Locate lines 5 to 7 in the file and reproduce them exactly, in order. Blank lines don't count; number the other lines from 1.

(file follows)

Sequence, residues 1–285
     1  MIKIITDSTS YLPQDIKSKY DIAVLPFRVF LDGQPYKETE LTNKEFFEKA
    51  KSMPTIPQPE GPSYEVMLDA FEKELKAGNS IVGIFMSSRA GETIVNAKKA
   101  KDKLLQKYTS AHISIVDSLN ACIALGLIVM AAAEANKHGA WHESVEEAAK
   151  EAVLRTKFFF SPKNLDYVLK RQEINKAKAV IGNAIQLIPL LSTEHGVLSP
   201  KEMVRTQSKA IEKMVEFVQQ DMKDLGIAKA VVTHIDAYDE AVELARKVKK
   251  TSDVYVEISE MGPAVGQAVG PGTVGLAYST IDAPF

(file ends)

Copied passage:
   151  EAVLRTKFFF SPKNLDYVLK RQEINKAKAV IGNAIQLIPL LSTEHGVLSP
   201  KEMVRTQSKA IEKMVEFVQQ DMKDLGIAKA VVTHIDAYDE AVELARKVKK
   251  TSDVYVEISE MGPAVGQAVG PGTVGLAYST IDAPF